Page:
Hi Folks !
In my previous blog, I had talked about Getting Introduced with Presto.
In today’s blog, I shall be talking about setting up(installing) and running presto.
The basic pre-requisites for setting up Presto are:
- Linux or Mac OS X
- Java 8, 64-bit
- Python 2.4+
- Download the Presto Tarball from here
- Unpack the Tarball
- After unpacking you will see a directory presto-server-0.175 which we will call the installation directory.
Inside the installation directory create a directory called etc. This directory will hold the following configurations :
- Node Properties: environmental configuration specific to each node
- JVM Config: command line options for the Java Virtual Machine
- Config Properties: configuration for the Presto server
- Catalog Properties: configuration for Connectors (data sources)
- Log Properties : configuring the log levels
Now we will setup the above properties one by one.
Step 1 : Setting up Node Properties
Create a file called node.properties inside the etc folder. This file will contain the configuration specific to each node. Given below is description of of the properties we need to set in this file
- node.environment: The name of the presto environment. All the nodes in the cluster must have identical environment name.
- node.id: This is the unique identifier for every node.
- node.data-dir: The path of the data directory.
Note : Presto will stores the logs and other data at the location specified in the node.data-dir. It is recommended to create data directory external to the installation directory, this allows easy preservation during the upgrade.
You can put the following default content
Step 2 : Setting up JVM Config
Create a file named jvm.config inside the etc folder. In the file we will specify all the options we need to configure for the launching of the JVM.
You can put the following default content
NOTE : Please keep in mind that the the format of file must be a single line per option.
Step 3 : Setting up Config Properties
Create a file named config.properties in the etc/folder.This file contains the configuration related to the server. Presto servers can double up as worker and coordinator simultaneously. Before setting up the config file let us discuss the properties in brief :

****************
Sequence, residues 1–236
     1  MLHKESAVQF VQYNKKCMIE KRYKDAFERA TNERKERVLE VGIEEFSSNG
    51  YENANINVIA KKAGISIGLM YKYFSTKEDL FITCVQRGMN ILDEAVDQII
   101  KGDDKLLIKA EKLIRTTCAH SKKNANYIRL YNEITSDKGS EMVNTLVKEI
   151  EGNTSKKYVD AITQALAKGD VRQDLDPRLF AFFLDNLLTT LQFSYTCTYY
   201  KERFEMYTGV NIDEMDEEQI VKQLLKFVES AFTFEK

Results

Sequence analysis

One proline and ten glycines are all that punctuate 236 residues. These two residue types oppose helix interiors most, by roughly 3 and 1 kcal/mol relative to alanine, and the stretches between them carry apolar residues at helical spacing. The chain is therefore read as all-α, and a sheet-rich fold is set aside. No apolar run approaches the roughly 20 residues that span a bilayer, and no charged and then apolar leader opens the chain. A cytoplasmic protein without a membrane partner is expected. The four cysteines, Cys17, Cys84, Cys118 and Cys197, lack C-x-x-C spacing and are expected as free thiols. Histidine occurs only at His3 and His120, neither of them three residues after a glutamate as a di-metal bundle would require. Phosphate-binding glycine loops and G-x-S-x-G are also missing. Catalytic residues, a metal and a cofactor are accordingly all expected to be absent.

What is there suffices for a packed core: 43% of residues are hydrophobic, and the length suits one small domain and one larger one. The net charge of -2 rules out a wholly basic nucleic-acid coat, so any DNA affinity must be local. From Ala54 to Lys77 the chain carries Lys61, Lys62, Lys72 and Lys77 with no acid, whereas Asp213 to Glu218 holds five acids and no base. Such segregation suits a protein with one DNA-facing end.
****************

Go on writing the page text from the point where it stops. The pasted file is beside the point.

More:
- coordinator: If set as true it sets the node as coordinator to accept queries from clients and manage query execution. in case of only worker node this value is set to false.
- node-scheduler.include-coordinator : enables scheduling on the coordinator. Can be set to true/false.
- http-server.http.port : specify the port to start the presto server
- query.max-memory : specify the maximum limit for the memory that the query will be allowed.
- query.max-memory-per-node : specify the maximum limit for the memory that the query will be allowed on the single node.
- discovery-server.enabled : can be Set to true/false. It is used to find all nodes in the cluster. On setting false the coordinator will run embedded version of the Discovery service.
- discovery.uri : URI to the Discovery server.
- query.queue-config-file : file configuration to read from in Queue Configurations
Now let us set the properties in the config.properties.
If the node is a coordinator , you can use the following as default content
If the node is a worker , you can use the following as default content
For a single node doubling up as worker and coordinator, we can use below configuration as default content
Step 4 : Setting up Log Level
Create a file called log.properties in the etc folder, it is used to set the minimum log level. The only property you need to set in this file is :
This property can have the following values : DEBUG, INFO, WARN and ERROR
Step 5 : Setting up the Catalog
Presto accesses the data via connectors which are specified by means of catalogs. Catalogs are registered by creating a catalog property file for each connector.
Create a directory called catalog in etc. Inside etc/catalog directory create a catalog. For instance create catalog for jmx.
Create jmx.properties in etc/catalog/ and set the name of the connector like :
Once you have completed the steps 1 to 5, we can begin with running Presto.
Inside the presto installation directory we have a launcher script. Now presto can be run in either the daemon or as foreground process. The main difference between the two is that in the foreground mode, the server is started with logs and output is redirected to stdout/sterr.
to run as daemon use :
to run in foreground use :
Once you run the above commands , you will be able to see the presto server running on the localhost:8080 (default port) or localhost:<Port>
That’s all you need to do to start running Presto !
In my next blog I will discuss how to use presto CLI and set up presto server programatically for applications.
Happy Reading !